by Saschk Drakos
Arts in Touch invited us along to Northern Stage’s May First in 3. If you’ve never been, you should definitely keep an eye out for the next one. First in 3 offers the wide range of theatre-folk the opportunity to test out new work on a bunch of willing subjects and gain feedback, and allows audience members to see what sorts of things are in development, and chat with the performers, writers and directors behind the pieces – not to mention bump into a number of active members of Newcastle’s creative community. I arrived a bit early, and before I knew it, found myself in the midst of a coterie of familiar faces from previous events.
The first piece of the evening was Noize Choir’s adaptation of E. M. Forster’s “The Machine Stops”. The group created an impressive soundscape, which included the audience as part of the machine, that gave the effect added weight with different sounds literally surrounding you during the performance. I found the synchronicity and creativity used in creating the sounds quite fascinating, though I would have liked a little more visual stimulation to go along with it. The performers stood in a semi-circle around a single microphone throughout, and my attention to the story itself started to wander after a bit. Overall, though, it was an intriguing concept and a great way to kick off the evening.
Backscratch Theatre came next with Any Good Thing (which can be seen at Theatre Royal on June 7!). The excerpt they performed for us centred around mining life, brilliantly using comedy and folk songs to get the audience to play (and sing) along. The feedback form said the play itself was geared towards family audiences, and there’s no doubt that it would appeal to children and adults alike.
The last act before the interval was an excerpt from Spear Carriers by Alphabetti Spaghetti, which covered a series of scenes between two extras as they waited backstage. The comedic elements of each scene were quite funny, but if it had lasted much longer, their repetitive quality would start to wear thin.
Following the interval, Talk With Leap introduced us to M.A.R.I.O.U.L.A.. Of all the pieces performed, this is probably the most difficult to describe. Originally written in Greek, the night’s extract was the first performance of it in English, and contained references to Greek culture that integrated quite seamlessly into the narrative. The monologue itself felt more like a conversation we were part of, or could be part of, if we chose to answer back, as we followed a woman’s decision to commit suicide and her journey in the afterlife. The performance itself seemed to have a jumpy start, but Aliki Chapple (who also translated the piece) found her groove soon enough, and throughout the question of What’s going to happen next? kept me intrigued. M.A.R.I.O.U.L.A. is funny, thoughtful, philosophical, and probably most significantly, very, very human. I look forward to (hopefully) seeing the full production in the future.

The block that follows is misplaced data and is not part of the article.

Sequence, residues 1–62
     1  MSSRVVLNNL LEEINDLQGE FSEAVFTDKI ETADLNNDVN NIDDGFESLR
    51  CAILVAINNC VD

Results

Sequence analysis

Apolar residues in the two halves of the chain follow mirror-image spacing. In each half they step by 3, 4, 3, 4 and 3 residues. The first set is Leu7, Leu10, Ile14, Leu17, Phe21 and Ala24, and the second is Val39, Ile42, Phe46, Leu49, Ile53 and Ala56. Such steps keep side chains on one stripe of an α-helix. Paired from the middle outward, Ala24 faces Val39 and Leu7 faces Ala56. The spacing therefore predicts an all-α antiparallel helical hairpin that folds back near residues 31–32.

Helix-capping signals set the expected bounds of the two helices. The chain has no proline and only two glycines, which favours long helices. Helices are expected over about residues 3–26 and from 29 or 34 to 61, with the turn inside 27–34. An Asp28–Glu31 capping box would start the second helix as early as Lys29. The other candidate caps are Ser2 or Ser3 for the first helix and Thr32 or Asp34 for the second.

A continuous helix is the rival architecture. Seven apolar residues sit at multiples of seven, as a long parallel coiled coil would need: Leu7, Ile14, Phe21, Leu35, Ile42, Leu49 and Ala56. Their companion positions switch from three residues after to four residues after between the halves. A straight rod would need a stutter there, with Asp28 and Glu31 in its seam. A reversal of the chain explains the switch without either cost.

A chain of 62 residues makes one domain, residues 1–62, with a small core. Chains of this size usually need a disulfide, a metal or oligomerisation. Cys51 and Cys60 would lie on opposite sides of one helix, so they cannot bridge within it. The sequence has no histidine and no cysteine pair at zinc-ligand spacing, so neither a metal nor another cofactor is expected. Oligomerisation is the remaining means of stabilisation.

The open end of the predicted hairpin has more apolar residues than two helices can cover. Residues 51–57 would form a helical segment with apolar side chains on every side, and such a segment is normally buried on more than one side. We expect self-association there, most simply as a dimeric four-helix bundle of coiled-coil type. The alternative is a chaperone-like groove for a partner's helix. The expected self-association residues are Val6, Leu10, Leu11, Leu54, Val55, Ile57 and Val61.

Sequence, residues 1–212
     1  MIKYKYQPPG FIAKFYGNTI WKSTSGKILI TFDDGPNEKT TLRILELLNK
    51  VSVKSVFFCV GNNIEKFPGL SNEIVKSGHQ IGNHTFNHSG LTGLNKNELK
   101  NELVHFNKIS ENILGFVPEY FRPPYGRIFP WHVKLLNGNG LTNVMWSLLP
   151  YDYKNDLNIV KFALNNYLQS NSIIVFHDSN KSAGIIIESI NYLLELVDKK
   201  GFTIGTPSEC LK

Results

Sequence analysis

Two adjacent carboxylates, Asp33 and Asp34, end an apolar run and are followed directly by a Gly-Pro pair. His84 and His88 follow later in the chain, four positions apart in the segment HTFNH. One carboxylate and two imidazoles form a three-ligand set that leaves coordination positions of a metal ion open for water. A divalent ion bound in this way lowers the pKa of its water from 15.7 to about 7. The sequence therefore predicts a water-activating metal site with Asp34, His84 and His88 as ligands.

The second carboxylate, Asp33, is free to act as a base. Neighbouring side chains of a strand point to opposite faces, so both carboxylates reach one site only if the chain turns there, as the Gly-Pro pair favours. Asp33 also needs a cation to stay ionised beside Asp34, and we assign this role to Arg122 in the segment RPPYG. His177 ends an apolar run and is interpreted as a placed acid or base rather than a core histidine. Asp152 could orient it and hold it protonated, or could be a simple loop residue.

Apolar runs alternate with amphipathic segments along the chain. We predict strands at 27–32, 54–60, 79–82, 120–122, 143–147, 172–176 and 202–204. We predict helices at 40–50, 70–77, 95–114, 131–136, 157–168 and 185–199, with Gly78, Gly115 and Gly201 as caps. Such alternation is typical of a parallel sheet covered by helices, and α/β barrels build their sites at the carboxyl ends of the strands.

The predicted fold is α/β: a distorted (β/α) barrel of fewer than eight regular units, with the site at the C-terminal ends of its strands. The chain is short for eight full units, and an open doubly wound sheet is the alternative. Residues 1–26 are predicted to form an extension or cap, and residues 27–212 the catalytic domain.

Finishing off the night, we were treated by Arts in Touch’s own Lashes & Tashes, a humorous one-act about Clive and Allen, a pair of conjoined twins who also happen to be drag queens. Lee Mattinson’s humour is caustic and witty, though there were some moments where it seemed like the comedic aspect interfered with some of the more serious moments fully coming into themselves. Talented as the two actors were, they weren’t believable as drag queens, and I find it curious that Mattinson chose to cast two women in this role. In my opinion, Lashes & Tashes has the potential to explore some very poignant and socially relevant issues through its intrinsic humour, but, in this incarnation, opted for quick laughs instead. (It should be noted, however, that the audience seemed to not share my reservations and were quite enthralled.)